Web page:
I’ve often wondered how important front office personnel are in the overall scheme. But the 76ers have been brought back to life and they’re talking about searching for a new president. Now Howie Roseman is the new contract negotiator for the Eagles in Banner’s place – and Jackson, McCoy, Mathis, Cole and others are on board and seem content, happy. –which may be the real reason Banner is gone. Reid is still here – but maybe not on the “hot seat” as Lurie intimated during his strange post-season press conference last winter. Perhaps the front office is listening a little to the fans. Personally, I think it’s beneficial if our teams are concerned about the attitude of those who buy the tickets. The seats cost enough and attendance has been pretty good at most of our teams’ games, the economy notwithstanding. So good-bye, Joe, and good luck.
The Phillies Season
The Phillies, home and away, touched the “minus eight” number in relation to first place. Almost 2,000 days have passed since they were so far removed from the top spot. Ty Wigginton is trying to replace Placido Polanco at third base. He’s having his troubles, with nine errors so far including a recent four in four straight games. Unfortunately, Freddie Galvis, who has played well at both second base and shortstop, has gone to the DL. He was probably the most useful of the Phillies’ fill-ins. But the principal and most controversial topic has been Charlie Manuel’s use of the most expensive bullpen star: Jonathan Papelbon.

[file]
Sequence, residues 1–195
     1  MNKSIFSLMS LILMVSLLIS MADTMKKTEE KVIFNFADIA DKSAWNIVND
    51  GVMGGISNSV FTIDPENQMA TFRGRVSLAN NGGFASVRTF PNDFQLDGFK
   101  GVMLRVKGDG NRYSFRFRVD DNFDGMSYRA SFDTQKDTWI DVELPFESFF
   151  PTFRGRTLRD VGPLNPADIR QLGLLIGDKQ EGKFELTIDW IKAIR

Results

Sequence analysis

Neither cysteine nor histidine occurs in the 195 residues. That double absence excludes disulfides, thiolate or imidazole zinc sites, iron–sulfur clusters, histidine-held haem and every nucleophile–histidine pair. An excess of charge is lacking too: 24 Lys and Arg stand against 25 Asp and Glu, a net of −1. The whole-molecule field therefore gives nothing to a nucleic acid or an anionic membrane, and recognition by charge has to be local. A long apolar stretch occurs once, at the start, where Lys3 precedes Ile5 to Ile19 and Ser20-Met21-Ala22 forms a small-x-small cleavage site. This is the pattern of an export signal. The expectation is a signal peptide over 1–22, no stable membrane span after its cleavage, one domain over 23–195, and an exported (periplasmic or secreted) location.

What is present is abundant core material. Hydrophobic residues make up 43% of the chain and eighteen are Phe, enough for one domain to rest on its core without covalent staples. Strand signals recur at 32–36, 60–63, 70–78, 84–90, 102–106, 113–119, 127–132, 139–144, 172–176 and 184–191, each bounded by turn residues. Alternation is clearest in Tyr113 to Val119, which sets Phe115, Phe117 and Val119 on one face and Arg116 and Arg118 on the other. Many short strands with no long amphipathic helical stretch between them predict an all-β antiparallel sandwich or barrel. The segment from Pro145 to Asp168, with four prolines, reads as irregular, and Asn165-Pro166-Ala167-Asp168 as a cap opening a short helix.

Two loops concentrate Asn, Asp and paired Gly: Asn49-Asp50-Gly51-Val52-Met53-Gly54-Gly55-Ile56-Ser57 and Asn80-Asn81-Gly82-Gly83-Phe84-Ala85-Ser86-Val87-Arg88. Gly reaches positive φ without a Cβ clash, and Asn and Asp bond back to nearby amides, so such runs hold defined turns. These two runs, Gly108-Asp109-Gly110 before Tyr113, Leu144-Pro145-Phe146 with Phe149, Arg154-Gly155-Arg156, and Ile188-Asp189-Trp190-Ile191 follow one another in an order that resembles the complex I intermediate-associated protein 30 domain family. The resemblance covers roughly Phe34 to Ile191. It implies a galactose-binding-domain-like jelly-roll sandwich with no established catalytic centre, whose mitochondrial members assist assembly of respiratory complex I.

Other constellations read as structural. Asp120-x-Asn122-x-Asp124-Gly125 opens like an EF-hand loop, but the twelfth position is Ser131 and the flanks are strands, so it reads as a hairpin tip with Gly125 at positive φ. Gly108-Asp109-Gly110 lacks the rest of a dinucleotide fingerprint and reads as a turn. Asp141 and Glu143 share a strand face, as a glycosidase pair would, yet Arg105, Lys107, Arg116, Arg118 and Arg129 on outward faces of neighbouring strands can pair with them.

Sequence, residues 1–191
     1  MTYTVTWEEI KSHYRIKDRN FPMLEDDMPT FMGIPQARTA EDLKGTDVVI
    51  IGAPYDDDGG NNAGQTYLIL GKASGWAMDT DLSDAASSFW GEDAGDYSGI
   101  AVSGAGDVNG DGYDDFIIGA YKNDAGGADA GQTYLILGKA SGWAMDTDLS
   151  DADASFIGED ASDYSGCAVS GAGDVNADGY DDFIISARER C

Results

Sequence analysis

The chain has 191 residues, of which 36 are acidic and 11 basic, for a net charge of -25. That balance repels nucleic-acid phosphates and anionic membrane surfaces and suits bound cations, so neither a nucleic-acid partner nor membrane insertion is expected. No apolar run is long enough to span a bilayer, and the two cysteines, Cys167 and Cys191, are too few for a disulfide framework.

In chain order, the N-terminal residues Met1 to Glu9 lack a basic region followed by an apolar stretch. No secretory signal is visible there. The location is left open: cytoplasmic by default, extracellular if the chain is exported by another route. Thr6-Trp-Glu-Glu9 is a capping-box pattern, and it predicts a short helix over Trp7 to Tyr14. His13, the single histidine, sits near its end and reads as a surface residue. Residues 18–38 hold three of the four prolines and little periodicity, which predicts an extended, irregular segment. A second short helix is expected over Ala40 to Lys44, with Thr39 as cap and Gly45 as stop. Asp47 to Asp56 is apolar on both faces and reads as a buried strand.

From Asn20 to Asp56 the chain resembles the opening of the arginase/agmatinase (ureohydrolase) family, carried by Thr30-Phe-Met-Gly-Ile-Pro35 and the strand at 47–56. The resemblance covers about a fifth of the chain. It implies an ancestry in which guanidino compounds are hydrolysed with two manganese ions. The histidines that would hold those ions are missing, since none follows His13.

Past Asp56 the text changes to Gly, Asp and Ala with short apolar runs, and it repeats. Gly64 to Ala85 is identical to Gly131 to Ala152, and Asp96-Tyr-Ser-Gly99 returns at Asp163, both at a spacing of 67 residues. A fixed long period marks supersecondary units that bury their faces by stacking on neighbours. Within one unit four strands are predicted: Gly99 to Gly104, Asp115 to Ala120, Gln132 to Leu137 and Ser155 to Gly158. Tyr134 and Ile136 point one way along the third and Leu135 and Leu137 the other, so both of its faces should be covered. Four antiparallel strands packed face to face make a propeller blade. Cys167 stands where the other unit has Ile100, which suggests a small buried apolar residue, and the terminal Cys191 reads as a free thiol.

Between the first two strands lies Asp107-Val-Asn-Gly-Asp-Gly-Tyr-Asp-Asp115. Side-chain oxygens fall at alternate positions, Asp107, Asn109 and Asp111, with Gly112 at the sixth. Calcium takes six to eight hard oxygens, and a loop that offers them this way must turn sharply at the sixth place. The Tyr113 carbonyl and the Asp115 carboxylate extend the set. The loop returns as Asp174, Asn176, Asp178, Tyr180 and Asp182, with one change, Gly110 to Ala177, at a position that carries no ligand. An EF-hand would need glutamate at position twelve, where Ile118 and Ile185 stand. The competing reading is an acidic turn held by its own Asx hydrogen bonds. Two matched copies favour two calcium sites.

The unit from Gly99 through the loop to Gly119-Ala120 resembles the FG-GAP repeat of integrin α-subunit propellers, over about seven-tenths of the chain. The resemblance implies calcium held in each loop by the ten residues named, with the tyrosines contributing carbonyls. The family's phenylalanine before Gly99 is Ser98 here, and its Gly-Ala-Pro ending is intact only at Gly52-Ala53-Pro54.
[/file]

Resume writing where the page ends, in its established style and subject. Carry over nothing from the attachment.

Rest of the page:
In that tough defeat last Sunday in Baltimore, 5-4, Joe Savery was trying to win the game after Michael Schwimmer had pitched three strong innings. Savery was pitching because Chad Qualls and Antonio Bastardo were unavailable. Many of us, I’m sure, expected to see Papelbon n the mound but Papelbon didn’t even start to warm up with runners at second and third. Later, Manuel explained that Papelbon would pitch only if the Phillies had taken the lead, then he would have come on to pitch for the save. But the Phillies lost on a walk-off hit for the seventh time this season. Papelbon, believe it or not, has not appeared in any of those games. The starter in last Sunday’s game was Cliff Lee, who has yet to win a game going into mid-June. On Sunday, he had a three-run lead and threw a three-run homer into the wheelhouse of Steve Tolleson, whose batting average was 235. Before Sunday, he’d hit two home runs in his entire career. The Phillies show signs of losing their luster.
Still waiting for a champion there too.